), which sold SonicBlue's Rio players, was reluctant to carry the little-known South Korean maker's gadgets without the Rio brand.
Then in June, 2002, Best Buy agreed to take Yang's products -- but only if ReignCom could provide a player that stored music on flash-memory chips, something ReignCom had never made. The deadline: Sept. 20. Yang threw every engineer he had into the project, and by August had come up with a prototype that could hold 30 songs. "We made a huge bet," recalls Yang.
The bet paid off. ReignCom's iRiver models now account for a fifth of all flash-memory players sold in the U.S., according to market researcher NPD Group Inc. Yes, Apple Computer Inc.'s (AAPL
) iPod rules in the segment with hard drives, where prices range from $300 to $500. That's twice the cost of most flash-memory players, but the hard-drive units can hold up to 40 times as much music -- 10,000 or more songs. Not everyone wants so much capacity, however, and ReignCom has come out of nowhere to grab the top spot in sales of the less capacious flash-memory-based players. Worldwide, it sold 1.2 million last year. Revenues nearly tripled, to $193.3 million, in 2003, while profits jumped fivefold, to $36 million. Investors like the tune. Since listing in Seoul on Dec. 19, ReignCom shares have more than doubled, to $94.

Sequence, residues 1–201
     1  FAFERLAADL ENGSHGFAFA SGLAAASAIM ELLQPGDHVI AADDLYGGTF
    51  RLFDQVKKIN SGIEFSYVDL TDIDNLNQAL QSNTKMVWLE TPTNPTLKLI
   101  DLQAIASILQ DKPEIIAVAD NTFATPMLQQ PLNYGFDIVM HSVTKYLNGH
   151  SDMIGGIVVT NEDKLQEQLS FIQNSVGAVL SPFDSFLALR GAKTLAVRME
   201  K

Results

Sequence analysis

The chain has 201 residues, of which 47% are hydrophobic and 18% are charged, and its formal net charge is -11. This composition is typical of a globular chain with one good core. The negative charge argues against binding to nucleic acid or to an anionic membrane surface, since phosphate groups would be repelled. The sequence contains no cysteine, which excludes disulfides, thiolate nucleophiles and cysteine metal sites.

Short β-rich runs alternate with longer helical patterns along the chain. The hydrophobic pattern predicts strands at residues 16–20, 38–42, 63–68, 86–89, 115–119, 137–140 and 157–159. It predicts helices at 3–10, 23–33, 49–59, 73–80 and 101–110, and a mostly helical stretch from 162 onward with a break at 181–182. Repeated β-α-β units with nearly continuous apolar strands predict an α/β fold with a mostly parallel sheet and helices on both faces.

ReignCom's MP3 push marks the first time a Korean company has seized the lead in sales of a digital device from the Japanese. And it shows the Koreans' ability to move up the economic food chain as China takes over more electronics manufacturing. Yang, who quit Samsung Electronics Co. in 1999 to found ReignCom, focuses on development and marketing and outsources production to a Chinese partner. "If we could have scores of companies like ReignCom, Korea would be dancing," says Na Ghi Hwan, a deputy director at the Commerce Ministry.
One key to ReignCom's success has been a flood of new products with features rivals can't match. ReignCom rolled out 12 music players last year, double the number of any of its competitors. The company was quick to introduce machines capable of playing songs downloaded in the multiple formats offered by various online music stores. And a year ago, ReignCom became the first company to offer 512-megabyte flash-memory players, which can hold about 125 songs. In October, it was first to market with a 1-gigabyte player holding 250 songs. "ReignCom has done a remarkable job in building up its brand name," says Woo Jung Ku, chief executive of Digitalway, a rival Korean MP3-player manufacturer.
Plenty of others are looking to get on the bandwagon. All the big Japanese consumer-electronics makers now offer players, as do Samsung and a host of smaller Korean rivals. Perhaps the biggest challenge, though, comes from Apple, which just introduced the iPod Mini. This $250 machine costs less than iRiver's top flash players but holds about four times as much music on its hard drive. In response, ReignCom in June started rolling out a line of hard-drive-based players. Although the gadgets cost slightly less than iPods, they're not as sleek, and iRiver sold just 73,000 of them last year. Now, ReignCom is one of five hardware makers working with Microsoft Corp. (MSFT
) to develop a handheld audio-video player capable of holding more than 100 hours of movies and thousands of songs. Sure, it's another big bet, but ReignCom has wagered heavily before -- and won. By Moon Ihlwan in Seoul